Dynamic Ocean Fronts
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Introduction: Density fronts are ubiquitous in remote ocean imagery. They are driven by buoyancy effects associated with such phenomena as thermal plumes from power plant effluents, spreading oil and pollution slicks, and estuary and river discharges into a higher salinity environment. Understanding these features is important in enhancing the Navy's ability to interpret remotely sensed imagery for extracting useful environmental and tactical information.
Observations: Figure 3 is a radar image (9.375 GHz center frequency, horizontal polarization) of a front at the edge of the Chesapeake Bay tidal out-flow plume. It displays distortions commonly observed in the frontal outcrop line. Waves, sharp corners, bulges, and other small-scale structure on scales of hundreds of meters to a few kilometers can be present. The bulges are oriented toward the heavier fluid, and the sharp corners are directed toward the lighter fluid. Fronts appear as regions of large radar cross section, which is generally attributed to an enhanced gravity-capillary wave spectrum and attendant wave breaking caused by surface convergence across the front.1
Figure 4 shows the complete 4-hour frontal evolution sequence.2 Each segment indicates the position and shape of the front as determined by a particular radar image in the sequence. Early in the sequence, a single bump can be observed in the front near (36° 57' N, 75° 57' W), and this structure is emphasized by delineating it with a thicker line than the one used to represent the remainder of the front. The bump appears to originate over a region with steep bottom topography. Over the next 4 hours, its amplitude and width grow substantially as the bulge translates to the southeast.2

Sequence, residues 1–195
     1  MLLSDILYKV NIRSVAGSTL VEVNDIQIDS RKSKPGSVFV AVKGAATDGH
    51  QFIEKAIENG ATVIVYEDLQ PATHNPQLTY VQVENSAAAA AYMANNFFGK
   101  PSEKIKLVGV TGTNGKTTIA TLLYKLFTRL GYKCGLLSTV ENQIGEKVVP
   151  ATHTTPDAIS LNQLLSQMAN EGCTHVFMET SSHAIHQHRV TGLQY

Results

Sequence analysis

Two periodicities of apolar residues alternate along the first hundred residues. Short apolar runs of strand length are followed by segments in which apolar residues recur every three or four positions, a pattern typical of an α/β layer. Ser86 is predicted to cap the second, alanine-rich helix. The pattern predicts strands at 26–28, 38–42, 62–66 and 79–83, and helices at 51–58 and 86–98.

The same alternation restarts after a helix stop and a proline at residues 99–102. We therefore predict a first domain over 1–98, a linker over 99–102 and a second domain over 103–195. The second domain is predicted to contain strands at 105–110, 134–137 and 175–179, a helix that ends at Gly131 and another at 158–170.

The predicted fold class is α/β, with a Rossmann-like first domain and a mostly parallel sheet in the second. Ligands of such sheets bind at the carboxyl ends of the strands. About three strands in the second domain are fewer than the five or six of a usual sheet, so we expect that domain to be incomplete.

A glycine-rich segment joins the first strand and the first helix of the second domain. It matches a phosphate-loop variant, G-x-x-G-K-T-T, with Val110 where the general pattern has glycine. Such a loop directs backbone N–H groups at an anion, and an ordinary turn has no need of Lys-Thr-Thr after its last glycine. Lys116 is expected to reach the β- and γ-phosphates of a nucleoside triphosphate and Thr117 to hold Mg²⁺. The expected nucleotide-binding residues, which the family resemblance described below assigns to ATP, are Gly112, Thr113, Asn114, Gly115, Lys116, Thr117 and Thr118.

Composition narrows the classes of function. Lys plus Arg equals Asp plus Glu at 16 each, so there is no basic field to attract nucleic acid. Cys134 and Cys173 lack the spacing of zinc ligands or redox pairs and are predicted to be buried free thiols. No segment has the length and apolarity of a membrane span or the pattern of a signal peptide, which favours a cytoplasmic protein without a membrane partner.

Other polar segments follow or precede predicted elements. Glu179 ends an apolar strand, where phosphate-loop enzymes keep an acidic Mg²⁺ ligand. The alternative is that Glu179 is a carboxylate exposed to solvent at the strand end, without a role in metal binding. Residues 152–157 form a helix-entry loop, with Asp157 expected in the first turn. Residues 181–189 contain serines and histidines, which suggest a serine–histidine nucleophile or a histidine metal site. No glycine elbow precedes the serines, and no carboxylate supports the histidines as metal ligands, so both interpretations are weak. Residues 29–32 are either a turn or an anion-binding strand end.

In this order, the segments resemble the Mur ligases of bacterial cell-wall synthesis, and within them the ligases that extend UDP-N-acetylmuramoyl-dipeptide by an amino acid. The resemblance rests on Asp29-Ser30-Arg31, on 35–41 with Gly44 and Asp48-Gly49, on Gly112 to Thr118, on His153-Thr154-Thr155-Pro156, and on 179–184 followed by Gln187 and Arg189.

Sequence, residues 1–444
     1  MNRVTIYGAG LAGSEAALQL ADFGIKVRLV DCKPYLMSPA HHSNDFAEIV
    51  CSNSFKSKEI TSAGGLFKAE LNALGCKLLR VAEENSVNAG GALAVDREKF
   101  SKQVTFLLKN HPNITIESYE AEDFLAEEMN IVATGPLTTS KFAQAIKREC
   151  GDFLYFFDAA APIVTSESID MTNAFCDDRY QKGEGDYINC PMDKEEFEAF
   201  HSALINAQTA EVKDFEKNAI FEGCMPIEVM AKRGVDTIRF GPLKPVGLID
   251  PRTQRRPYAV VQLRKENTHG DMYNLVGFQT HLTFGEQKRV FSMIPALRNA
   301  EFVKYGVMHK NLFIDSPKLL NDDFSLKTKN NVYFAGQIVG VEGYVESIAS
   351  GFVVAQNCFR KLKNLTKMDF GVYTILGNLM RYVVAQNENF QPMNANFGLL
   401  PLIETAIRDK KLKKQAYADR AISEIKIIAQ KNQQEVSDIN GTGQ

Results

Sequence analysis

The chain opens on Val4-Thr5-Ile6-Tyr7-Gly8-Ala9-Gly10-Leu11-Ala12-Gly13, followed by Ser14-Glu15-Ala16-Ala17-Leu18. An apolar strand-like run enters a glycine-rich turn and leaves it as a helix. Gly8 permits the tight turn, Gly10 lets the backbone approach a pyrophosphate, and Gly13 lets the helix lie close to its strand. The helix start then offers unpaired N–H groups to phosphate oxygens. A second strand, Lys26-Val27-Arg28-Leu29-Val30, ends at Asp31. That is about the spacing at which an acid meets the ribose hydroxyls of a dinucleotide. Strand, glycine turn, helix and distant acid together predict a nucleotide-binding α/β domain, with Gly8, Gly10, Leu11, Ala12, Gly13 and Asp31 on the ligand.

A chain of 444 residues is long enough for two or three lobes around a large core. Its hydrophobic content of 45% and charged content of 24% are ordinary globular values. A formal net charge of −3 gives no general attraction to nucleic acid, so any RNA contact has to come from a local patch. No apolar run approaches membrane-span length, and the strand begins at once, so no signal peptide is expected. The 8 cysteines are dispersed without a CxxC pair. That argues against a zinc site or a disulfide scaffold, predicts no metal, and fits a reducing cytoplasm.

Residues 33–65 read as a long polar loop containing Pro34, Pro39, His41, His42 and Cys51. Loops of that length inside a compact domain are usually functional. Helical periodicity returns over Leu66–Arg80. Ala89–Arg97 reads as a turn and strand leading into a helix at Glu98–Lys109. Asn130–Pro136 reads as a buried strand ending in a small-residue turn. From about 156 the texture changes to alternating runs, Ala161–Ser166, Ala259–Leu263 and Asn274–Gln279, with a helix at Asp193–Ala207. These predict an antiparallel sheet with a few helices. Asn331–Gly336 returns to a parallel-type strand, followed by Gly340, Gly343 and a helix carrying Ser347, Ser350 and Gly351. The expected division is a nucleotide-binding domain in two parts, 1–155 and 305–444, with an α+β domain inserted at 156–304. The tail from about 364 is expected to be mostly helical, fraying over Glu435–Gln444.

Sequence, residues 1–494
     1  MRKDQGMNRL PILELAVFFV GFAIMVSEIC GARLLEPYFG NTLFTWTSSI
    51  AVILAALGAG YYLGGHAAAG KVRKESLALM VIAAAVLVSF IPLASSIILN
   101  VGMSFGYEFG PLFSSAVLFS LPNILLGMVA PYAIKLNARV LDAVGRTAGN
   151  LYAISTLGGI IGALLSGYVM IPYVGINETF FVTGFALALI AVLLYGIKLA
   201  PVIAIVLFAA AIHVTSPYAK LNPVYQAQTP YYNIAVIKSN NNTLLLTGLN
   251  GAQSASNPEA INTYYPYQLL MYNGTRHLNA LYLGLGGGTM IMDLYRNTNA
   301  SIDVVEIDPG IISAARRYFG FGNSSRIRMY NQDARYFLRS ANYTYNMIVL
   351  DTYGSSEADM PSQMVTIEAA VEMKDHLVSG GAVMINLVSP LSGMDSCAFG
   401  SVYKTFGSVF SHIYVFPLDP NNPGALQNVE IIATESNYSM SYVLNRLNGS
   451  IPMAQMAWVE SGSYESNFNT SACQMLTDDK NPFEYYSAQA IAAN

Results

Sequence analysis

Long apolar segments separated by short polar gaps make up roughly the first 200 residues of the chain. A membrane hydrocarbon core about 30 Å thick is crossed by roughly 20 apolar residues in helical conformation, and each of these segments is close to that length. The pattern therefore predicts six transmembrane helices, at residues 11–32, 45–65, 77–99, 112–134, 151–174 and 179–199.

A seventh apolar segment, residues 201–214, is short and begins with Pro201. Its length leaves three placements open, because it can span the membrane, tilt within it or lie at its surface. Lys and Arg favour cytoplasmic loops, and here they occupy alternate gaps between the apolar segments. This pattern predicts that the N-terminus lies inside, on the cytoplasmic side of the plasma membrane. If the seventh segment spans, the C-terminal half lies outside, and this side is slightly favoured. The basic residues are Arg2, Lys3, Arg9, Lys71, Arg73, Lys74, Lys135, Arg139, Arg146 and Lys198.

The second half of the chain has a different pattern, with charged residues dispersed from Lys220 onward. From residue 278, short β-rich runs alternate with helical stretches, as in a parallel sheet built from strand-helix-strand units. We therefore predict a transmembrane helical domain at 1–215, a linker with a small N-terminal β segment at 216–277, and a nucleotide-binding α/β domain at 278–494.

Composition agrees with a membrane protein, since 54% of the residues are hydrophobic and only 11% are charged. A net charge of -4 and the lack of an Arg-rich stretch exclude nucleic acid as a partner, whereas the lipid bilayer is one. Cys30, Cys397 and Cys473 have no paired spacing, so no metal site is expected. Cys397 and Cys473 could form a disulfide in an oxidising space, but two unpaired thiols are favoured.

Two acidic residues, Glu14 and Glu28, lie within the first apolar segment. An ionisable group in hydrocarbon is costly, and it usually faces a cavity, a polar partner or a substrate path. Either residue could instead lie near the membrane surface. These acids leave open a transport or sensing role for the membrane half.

Evolution Model: To understand the evolution of fronts such as those in Figs. 3 and 4, we have developed a new two-dimensional buoyant plume model based on gas dynamic shock-tube theory,3 but germane to the unique flows in gravity current fronts.4 In the model, we assume
- Geometric optics (the ray assumption), which presumes that each element of the front propagates along a ray that is locally normal to the front.
- One-dimensional nonlinear fluid motion, which treats the frontal propagation as the collective motion of a bundle of gently bending ray tubes in which the dynamics in each one is governed locally by the one-dimensional equations of fluid mechanics.
- Reduced-gravity physics, which allows us to view the buoyant fluid as floating on top of a lower water layer of effectively infinite depth. This assumption is approximately satisfied in coastal waters, rendering the details of the underlying bathymetry unimportant.
- Frontal jump conditions, which constrain the velocity and layer thickness at the plume nose.
The resulting model is hyperbolic, and, therefore, the frontal evolution is an intial value problem with the self-generated subsequent behavior completely defined once initial conditions are prescribed.
Model Results: The length scales of frontal perturbations can be as large as a few tens of meters to several kilometers. In Fig. 5, we assume an initial periodic perturbation
|X0 = a cos (δy),||(1)|
where a = 0.04 km, δ = 10.5 km-1 (600-m wavelength), and a uniform initial local front-normal propagation speed of 0.18 m/s. Natural fluctuations with this magnitude might be induced by a number of me-chanisms, such as an instability of an along-front current or a spatially varying wind stress.
Substantial frontal changes occur while the front oscillates. That is, a trough in the initial configuration evolves into a crest (and vice versa) in an astonishingly short time (≈ 0.75 h). This oscillatory process is explained by the nonlinear focusing of the front by its own curvature.4,5 By the end of the simulation (1.5 h), the front consists only of a series of crests joined at sharp angular junctions called "breaking frontal waves," which point toward the lighter fluid as seen in the observations.
Along-front wavelengths vary temporally. At t ≈ 1 h for instance, corrugations with wavelengths of ~0.4 and ~0.2 km are visible. This is similar to the observations in Fig. 4 and may suggest that these mixed-wavelength shapes are simply products of natural frontal evolution.
Conclusions: Under the idealized conditions assumed, the frontal evolution is a self-generated initial value problem. Clearly, the actual frontal conditions and evolution displayed in Figs. 3 and 4 are significantly more complicated than may be captured in the simulations. Nevertheless, a number of inferences have been drawn from the simulations shown, and much of the modeled behavior mimics the observations.
[Sponsored by ONR]